Iconic Physicist Stephen Hawking Has Died

The world was a better place because he was in it.



That fact that physicist Stephen Hawking is an icon of our era was made plain during the production of La Damnation de Faust that my wife and I saw at the Paris Opera in 2015. A dancer trundled silently about the stage playing the role of the wheelchair-bound physicist as Faust made his pact with the devil and ended up in Hell (which was apparently Mars). The opera preposterously concluded with the apotheosis of Hawking standing unsupported as a Mars rover cruises across the stage. The singing was superb, but the staging was, well, unfortunate.

Among Hawking's distinctive contributions to physics and cosmology is his work on black holes. Black holes are celestial objects with a gravitational field so strong that light cannot escape them; they are believed to be created by the collapse of very massive stars. Sagitarrius A, a black hole with more than 4.1 million times the mass of the Sun, is at the center of the Milky Way. Among other things, Hawking figured out that black holes do emit particles and therefore would "evaporate" over time. Hawking declared that he'd like the formula for this Hawking radiation engraved on his tombstone:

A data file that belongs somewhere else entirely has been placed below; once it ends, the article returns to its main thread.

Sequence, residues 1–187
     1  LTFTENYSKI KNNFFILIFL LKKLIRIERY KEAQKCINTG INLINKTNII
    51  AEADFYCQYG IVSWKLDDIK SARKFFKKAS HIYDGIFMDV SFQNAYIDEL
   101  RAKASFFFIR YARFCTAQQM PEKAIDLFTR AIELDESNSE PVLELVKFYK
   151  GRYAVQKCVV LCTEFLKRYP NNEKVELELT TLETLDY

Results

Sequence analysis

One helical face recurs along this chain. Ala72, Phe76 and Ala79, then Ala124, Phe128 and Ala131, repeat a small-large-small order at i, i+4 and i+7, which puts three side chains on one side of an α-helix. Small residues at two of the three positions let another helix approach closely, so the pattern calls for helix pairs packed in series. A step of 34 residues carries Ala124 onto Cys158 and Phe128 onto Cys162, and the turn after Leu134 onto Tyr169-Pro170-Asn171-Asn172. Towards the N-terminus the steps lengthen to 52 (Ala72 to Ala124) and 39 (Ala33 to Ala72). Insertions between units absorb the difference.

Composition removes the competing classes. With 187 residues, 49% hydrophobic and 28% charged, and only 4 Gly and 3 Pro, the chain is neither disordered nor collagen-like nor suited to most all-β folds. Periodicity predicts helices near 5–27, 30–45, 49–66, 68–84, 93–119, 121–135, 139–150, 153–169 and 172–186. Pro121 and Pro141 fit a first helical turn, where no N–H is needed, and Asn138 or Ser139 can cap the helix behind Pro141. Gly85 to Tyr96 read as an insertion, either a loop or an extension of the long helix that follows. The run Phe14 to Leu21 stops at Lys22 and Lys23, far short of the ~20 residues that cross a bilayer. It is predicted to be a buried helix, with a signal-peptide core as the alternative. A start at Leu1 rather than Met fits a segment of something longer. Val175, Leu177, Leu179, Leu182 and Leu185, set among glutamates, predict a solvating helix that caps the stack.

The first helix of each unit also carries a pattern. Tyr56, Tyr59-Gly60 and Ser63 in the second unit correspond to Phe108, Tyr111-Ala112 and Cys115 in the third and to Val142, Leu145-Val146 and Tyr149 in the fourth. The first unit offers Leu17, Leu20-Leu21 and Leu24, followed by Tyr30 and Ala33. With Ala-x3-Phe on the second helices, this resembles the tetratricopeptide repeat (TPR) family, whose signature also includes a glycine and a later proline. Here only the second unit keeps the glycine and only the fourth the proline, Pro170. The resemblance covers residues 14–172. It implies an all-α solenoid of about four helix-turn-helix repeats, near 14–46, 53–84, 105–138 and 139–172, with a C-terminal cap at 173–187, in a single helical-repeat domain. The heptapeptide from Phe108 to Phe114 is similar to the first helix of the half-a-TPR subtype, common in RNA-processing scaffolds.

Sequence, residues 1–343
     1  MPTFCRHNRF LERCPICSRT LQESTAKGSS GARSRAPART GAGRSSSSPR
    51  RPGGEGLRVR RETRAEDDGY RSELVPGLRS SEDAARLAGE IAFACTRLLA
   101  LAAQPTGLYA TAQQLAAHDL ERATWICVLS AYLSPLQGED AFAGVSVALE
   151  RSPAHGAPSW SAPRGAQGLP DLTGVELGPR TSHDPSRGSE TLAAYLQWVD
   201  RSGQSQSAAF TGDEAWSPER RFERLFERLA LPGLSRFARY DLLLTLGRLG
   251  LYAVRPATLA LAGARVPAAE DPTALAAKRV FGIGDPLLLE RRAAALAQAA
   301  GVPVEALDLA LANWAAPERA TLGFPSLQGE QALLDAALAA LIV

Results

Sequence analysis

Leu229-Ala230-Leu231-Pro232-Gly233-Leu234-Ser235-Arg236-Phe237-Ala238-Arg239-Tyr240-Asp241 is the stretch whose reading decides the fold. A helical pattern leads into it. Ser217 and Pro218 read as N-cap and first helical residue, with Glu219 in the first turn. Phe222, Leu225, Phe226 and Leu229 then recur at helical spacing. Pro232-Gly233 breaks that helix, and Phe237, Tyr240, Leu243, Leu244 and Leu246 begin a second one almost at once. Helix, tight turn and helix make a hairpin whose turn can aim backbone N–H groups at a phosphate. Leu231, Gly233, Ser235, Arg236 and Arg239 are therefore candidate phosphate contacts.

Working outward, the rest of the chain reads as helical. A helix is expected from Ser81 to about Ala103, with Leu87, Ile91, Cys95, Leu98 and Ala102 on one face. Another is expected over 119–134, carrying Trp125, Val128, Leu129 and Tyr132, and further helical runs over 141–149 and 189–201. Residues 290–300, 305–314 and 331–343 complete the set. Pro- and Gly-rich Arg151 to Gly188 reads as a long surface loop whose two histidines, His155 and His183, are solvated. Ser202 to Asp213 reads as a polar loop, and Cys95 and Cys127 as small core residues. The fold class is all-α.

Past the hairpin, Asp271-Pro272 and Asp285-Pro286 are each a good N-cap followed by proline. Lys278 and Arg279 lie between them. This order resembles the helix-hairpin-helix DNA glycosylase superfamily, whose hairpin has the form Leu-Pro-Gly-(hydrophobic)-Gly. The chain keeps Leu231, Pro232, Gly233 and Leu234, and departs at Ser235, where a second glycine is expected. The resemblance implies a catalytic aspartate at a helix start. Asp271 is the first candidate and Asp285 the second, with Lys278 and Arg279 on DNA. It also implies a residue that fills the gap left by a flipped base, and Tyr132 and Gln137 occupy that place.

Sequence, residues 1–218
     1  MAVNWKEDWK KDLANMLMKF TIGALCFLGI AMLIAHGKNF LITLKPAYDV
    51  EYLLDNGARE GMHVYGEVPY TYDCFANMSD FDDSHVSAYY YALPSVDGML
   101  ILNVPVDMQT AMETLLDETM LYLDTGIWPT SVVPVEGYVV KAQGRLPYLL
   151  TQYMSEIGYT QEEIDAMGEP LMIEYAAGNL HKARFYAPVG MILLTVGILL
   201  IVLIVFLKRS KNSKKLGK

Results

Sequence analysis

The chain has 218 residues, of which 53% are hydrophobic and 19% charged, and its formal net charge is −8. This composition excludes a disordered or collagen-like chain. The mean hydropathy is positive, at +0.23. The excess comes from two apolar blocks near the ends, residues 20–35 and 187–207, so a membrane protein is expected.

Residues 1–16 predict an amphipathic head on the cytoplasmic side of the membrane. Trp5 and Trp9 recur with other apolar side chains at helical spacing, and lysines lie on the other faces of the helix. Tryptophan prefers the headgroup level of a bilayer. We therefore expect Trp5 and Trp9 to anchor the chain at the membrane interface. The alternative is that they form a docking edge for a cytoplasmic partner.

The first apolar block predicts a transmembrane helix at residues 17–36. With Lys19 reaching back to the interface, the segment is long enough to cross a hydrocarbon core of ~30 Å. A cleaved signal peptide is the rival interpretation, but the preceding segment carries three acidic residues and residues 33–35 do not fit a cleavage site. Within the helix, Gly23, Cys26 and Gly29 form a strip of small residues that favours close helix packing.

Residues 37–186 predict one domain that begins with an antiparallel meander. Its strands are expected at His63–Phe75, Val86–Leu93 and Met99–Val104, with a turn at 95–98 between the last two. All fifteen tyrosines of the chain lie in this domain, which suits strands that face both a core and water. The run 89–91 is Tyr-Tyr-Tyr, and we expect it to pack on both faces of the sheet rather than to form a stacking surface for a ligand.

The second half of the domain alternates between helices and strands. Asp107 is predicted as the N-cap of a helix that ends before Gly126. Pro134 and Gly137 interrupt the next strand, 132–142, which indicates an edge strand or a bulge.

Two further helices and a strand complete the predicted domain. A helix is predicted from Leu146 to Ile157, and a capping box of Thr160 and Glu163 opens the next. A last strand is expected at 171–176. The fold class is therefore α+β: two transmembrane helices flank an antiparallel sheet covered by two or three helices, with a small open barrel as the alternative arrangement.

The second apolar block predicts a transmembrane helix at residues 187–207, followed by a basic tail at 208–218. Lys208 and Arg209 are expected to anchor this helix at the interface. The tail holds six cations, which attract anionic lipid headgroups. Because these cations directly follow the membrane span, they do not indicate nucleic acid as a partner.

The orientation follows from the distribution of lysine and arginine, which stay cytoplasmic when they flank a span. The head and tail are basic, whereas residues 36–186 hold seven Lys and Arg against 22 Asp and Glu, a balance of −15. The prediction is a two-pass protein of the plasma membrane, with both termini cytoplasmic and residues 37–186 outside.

Hawking was diagnosed with a motor-neuron disease at age 21. It eventually confined him to a powered wheel chair. When he lost the power of speech in 1985, he famously turned to a text-to-speech system that produced his, well, iconic "robot" voice. His 1988 book, A Brief History of Time, brought his thinking on cosmology to the wider public, eventually selling more than 10 million copies. In the words of his friend Martin Rees, "the concept of an imprisoned mind roaming the cosmos" grabbed people's imagination.

Clearly brilliant, and ferociously brave in overcoming the physical limitations inflicted by his illness, Hawking did sometimes endorse some fashionable apocalyptic views. While acknowledging that "the potential benefits of creating intelligence are huge," Hawking was worried artificial intelligence could turn out to be "the worst thing ever to happen to humanity." In addition, he thought that humanity should avoid contact with extraterrestrial civilizations because they could be "rapacious marauders roaming the cosmos in search of resources to plunder, and planets to conquer and colonize." Cooler heads are less concerned about alien invasions.

In any case, the world was a better place because Stephen Hawking was in it. He will be missed.